I think I’d be happier with a low-cost, 23-year old, backup, slugging catcher with a good arm and some pop than a no-hit, good-glove backstop making double the salary.

While I don’t think anyone else is running to sign Hill and his career OPS+ of 50, he should be an MLB backup backstop somewhere next season.  If Castillo has a less than impressive final fortnight with the Cubs, I could see Hill still get non-tendered, with the Cubs then offering him something like a one-year deal at $800,000 or a two-year $1.4 million deal to stick around through 2012.  That being said, it’s probably foolish to put too much stock into these next two weeks, where Castillo may only play a handful of games.

Ryne Sandberg, the Pacific Coast League Manager of the year and a leading candidate for Cubs post next season, managed Castillo the past three years.  If Ryno gets the job, we’ll know right away how he feels about Castillo.

Two lefty pitchers, Tom Gorzelanny and Sean Marshall, will likely get tendered and receive nice bumps in salary.  Using math similar to our method of guesstimating Soto’s contact, we found one-year deals for 2011 for these guys should be around $4,250,000 for Tom Gorzelanny and $4,250,000 close to $4mm for Sean Marshall.

We feel it would be wise for the Cubs to lock up either of these guys to modest 3-year contracts before their values increase from an optimistic, yet foreseeable good seasons in 2011.  A 3-year, $12 million contract for either or both of these guys could be warranted.

The largest contract of the remaining players will go to Cubs’ bat-missing closer Carlos Marmol.  He’s been effectively wild most of the time, walking 6 batters and striking out over 15.6 per 9 innings.

Quickly, here is an illustration of the strikeout capabilities a couple of guys in the Cubs bullpen have shown from both sides of the rubber this season.

MLB Leaders: Strikeout per 9
(minimum 70 innings pitched)
1. Carlos Marmol 15.64
2. Sean Marshall 11.00
3. Brandon Morrow 10.95
4. Tyler Clippard 10.54
5. Jonny Venters 9.74
6. Nick Masset 9.74
7. Jon Lester 9.69
8. Tim Lincecum 9.62
9. Yovani Gallardo 9.62
10. Jonathan Sanchez 9.58

The list looks quite different when you change the minimum innings pitched requirement.

MLB Leaders: Strikeout per 9
(minimum 40 innings pitched)
1. Carlos Marmol 15.64
2. Rafael Betancourt 13.27
3. Billy Wagner 12.86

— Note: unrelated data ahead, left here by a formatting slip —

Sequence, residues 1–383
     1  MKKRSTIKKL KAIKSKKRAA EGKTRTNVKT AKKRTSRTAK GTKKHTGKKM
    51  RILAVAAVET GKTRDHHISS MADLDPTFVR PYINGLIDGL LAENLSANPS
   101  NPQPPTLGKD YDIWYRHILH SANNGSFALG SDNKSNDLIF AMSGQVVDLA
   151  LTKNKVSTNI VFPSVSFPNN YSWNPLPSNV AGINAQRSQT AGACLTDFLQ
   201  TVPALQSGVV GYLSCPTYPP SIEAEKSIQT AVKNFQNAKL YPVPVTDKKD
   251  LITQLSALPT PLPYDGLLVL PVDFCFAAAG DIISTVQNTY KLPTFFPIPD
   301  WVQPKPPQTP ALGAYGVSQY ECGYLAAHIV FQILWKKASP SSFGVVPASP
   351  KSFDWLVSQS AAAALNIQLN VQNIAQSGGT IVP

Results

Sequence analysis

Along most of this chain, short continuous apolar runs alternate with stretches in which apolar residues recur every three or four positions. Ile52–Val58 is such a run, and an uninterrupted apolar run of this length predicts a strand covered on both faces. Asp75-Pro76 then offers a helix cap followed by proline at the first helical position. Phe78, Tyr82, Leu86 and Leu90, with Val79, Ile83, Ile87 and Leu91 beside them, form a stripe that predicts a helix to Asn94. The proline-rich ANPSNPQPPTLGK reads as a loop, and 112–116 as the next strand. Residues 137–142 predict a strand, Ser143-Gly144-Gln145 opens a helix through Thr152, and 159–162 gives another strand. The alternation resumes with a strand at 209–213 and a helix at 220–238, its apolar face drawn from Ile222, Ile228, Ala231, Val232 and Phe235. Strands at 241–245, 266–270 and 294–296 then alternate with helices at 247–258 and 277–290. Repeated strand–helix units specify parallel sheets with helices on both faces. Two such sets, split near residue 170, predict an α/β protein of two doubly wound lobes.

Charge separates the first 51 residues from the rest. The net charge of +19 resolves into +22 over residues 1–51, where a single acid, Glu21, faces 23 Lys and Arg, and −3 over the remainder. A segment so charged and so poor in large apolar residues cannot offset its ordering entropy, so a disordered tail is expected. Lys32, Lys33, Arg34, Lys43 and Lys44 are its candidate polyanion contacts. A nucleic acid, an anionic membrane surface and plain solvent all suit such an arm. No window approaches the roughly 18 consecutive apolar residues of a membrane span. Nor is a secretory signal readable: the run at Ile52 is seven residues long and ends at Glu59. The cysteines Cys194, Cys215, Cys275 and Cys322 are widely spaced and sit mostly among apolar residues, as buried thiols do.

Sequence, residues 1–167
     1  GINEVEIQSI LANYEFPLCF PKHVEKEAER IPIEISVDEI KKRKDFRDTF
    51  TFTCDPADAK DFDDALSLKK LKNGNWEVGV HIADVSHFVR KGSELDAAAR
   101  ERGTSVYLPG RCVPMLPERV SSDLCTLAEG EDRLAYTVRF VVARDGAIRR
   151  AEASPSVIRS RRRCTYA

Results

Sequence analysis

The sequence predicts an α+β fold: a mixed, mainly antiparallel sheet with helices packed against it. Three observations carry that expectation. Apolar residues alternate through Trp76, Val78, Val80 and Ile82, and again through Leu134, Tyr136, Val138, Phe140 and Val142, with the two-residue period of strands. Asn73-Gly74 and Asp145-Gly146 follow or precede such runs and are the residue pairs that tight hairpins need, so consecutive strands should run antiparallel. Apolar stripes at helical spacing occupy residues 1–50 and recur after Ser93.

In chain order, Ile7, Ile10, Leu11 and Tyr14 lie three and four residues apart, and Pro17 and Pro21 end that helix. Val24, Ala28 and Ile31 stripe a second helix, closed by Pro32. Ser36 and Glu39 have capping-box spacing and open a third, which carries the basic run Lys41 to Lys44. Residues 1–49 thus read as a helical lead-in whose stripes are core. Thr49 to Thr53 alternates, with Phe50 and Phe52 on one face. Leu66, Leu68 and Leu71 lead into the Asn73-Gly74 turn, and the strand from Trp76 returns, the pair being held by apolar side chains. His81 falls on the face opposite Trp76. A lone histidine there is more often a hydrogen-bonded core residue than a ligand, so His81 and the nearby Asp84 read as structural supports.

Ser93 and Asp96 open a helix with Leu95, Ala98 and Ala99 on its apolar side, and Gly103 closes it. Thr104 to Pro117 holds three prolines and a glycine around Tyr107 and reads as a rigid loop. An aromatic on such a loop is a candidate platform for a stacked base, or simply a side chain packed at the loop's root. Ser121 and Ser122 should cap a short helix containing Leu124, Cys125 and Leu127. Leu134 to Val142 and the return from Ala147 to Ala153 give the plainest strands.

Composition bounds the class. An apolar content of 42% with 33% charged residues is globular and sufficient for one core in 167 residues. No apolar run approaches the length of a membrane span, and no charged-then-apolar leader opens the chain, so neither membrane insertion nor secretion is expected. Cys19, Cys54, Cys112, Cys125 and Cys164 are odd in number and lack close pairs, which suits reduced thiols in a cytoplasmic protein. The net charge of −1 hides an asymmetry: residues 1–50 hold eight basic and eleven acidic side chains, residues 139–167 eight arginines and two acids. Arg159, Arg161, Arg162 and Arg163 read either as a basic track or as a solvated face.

4. Joel Hanrahan (!) 12.80
5. Matt Thornton 12.23
6. Stephen Strasburg 12.18
7. Heath Bell 11.63
8. Carlos Villanueva 11.62
9. Takashi Saito 11.57
10. John Axford 11.43
… 14. Sean Marshall 11.00

Marmol’s season has been remarkable.  Even if you drop the innings pitched requirement to 20, Marmol still leads all Major Leaguers in K/9.  He has given up only 1 homerun all season, and that was back on May 15th.  The Cubs were down one run in the top of the ninth, when he gave up a solo shot to the Pirates’ Jeff Clement.  Over four months later, Marmol has not given up any more homers.

Carlos Marmol has been almost unhittable, with a remarkable .162 Batting Average Against.  That figure leads all pitchers (min 70 ip) by a lot; Jonny Venters and Evan Meek place second with a .194 BAA.  Interestingly, if you lower the ip requirement to 60, Billy Wagner sneaks into the top spot at .161, and Daniel Bard is third at .177.

We could go on and on about how great Marmol is, particularly that slider (16.4 runs above average), but there are more important things to be doing – particularly by you, the reader.

How crazy is good crazy?
Crunching some numbers for Carlos Marmol make me feel like he’s about to out earn his true value to the team.  We find that a one-year deal for 2011 will probably be around $6 million for Marmol, and it will continue to rise as he continues to get 30+ saves each year.  It’s sad because he’s probably been my favorite Cub since 2007.  I just believe strongly that BIG closer dollars should be spread around an organization and closers can be found and groomed from young, inexpensive power arms.

We say “Don’t pay for saves” in fantasy baseball, and echo the sentiments for teams actually competing in reality.  Marmol, after all, was a converted third baseman who couldn't hit and had a very strong arm.  Too bad Hendry can’t pick up his cell phone and deal for a miracle, since that’s what the Cubs will need to compete in October anytime in the next two or three seasons.